Wednesday night, I took a night train from Valencia to Granada, which was a soothing and pleasant experience, or would have been if the eight-year-old son of one of my compartment-mates hadn't kept barging in at odd hours. Granada is a splendid old city in the Andalucian foothills. It is home to the Alhambra, the palace of the last Moorish Sultanate of Spain. The Alhambra is Spain's most visited tourist attraction (€12 to get in) and with good reason as it is both expansive and beautiful. The Islamic architecture exhibited there stands in start contrast to the Western styles I have grown used to at this point with it's emphasis on abstract patterns and Arabic script. The ornateness of the patterns and the prevalence of an alphabet which I cannot read made the palace even more dreamlike. It was easy to lose myself for what seemed like hours just mesmerized with the labyrinth of forms in a single wall or doorway. Plus, the multitude of fountains and ledges gave me a serious jonesin' for some Prince of Persia.
Granada is also home to the free tapa every time you order a drink. There are about as many stories to the origin of this Andalucian custom as their are tapas, but what doesn't change is that you get a free tapa with every beer or sangria and they are usually pretty sustaining. Consequently, Andalucia is a pretty cheap place to eat; just keep buying booze and the food will follow. At night, Granada is overwhelmed by swarms of midges which in turn attract legions of swallows to chase down and, well, swallow them. The noise of the swallows in the deep purple twilight is unforgettable.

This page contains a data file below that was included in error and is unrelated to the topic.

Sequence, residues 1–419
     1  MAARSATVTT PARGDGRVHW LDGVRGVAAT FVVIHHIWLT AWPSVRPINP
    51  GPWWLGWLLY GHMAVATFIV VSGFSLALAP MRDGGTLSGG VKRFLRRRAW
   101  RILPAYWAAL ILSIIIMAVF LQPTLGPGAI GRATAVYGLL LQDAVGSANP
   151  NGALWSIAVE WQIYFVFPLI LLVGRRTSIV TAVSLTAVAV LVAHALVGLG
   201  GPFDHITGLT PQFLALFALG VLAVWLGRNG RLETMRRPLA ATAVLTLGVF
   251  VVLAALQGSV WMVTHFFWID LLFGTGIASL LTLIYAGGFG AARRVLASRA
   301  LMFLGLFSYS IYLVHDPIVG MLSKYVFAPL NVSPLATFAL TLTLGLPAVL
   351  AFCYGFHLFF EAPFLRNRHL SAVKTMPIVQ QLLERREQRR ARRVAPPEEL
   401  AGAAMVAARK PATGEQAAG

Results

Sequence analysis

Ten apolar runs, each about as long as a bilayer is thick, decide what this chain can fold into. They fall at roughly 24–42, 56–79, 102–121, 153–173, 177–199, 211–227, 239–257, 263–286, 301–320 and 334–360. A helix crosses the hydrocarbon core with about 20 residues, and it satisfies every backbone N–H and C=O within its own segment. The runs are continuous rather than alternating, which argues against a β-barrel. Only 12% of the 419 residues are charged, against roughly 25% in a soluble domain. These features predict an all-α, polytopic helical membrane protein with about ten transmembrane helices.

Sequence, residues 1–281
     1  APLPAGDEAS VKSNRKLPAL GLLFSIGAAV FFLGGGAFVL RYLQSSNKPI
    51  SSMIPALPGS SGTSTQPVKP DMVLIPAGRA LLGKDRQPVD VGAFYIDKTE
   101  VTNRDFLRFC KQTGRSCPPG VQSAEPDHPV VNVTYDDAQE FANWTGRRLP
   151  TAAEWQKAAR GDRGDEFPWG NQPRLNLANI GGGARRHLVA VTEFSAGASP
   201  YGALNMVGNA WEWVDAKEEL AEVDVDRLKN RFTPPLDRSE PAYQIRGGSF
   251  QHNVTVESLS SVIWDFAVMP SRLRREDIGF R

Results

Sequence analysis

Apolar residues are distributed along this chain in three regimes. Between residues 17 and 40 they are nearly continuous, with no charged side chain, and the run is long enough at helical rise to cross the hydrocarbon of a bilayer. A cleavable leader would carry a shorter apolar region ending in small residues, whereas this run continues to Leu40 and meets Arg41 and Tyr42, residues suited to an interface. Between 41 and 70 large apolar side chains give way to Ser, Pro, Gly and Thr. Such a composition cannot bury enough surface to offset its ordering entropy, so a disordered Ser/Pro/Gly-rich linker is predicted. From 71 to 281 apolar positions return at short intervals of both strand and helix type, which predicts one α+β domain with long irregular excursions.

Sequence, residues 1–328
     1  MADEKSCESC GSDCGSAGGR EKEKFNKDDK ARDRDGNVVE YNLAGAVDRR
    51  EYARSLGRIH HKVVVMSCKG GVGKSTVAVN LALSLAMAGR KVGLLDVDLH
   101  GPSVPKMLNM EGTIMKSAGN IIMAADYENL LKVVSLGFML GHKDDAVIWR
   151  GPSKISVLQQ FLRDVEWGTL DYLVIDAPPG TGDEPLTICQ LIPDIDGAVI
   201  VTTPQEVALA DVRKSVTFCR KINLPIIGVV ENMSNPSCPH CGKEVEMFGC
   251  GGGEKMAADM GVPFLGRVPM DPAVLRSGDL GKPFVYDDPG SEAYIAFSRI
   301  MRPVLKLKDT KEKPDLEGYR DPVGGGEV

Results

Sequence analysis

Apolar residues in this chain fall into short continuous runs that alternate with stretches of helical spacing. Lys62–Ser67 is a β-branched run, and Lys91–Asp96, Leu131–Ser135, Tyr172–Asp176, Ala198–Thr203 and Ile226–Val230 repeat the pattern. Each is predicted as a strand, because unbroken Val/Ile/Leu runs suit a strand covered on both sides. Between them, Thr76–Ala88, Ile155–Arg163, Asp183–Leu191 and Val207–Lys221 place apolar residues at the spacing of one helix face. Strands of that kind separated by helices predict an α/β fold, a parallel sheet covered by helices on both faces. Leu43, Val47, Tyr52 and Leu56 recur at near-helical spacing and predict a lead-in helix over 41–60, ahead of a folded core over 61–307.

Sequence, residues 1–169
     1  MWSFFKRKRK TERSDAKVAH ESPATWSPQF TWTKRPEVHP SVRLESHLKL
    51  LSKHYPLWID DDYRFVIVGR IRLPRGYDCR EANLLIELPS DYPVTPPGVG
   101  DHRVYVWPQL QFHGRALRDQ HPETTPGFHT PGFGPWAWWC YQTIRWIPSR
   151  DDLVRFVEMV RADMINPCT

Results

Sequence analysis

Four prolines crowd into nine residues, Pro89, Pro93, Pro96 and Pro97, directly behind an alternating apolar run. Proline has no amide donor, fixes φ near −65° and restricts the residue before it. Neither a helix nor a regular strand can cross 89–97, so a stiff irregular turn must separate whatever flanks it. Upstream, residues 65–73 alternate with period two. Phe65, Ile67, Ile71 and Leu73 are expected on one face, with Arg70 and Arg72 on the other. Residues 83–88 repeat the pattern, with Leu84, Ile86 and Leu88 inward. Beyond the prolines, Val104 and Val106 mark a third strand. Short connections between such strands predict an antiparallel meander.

By the time I hit Sevilla, I was starting to feel better so I was able to actually enjoy myself in this Andalucian capital. One of the highlights of Sevilla was the vast Plaza de España, a huge circular building constructed for the Ibero-American Expo of 1929. The building feels stately for some unknown purpose, so much so that George Lucas actually filmed part of one of the shitty Star Wars films there.
When I finally made it to Málaga, an ancient port town at the southern tip of Europe, I was ready to party. I had an unintentional good time courtesy of some extremely drunk Englishmen who brought out tray after tray of free drinks, including three tequila shots. I was able to get sufficiently drunk to sleep through the noise and lack of AC in the hostel on my piddly remaining Euros.
I'm back in London now, in the impeccable company of Katie Wallner. It was a real sight for sore eyes to see her, my friend of some four years, after weeks of shotgun friendships. Just when I thought I was enjoying my life of artful loneliness, reveling in the conversation of strangers and the unflagging companionship of books, I came to realize how much I really do need people. While the life of exile holds a certain level of charm and serves as a fine soul-making practice, it drains the life out of you eventually. I think, after all my wandering, I am finally ready to go home. I don't quite miss America yet, but I do miss my friends and family and you cannot divorce a place from the people who fill it.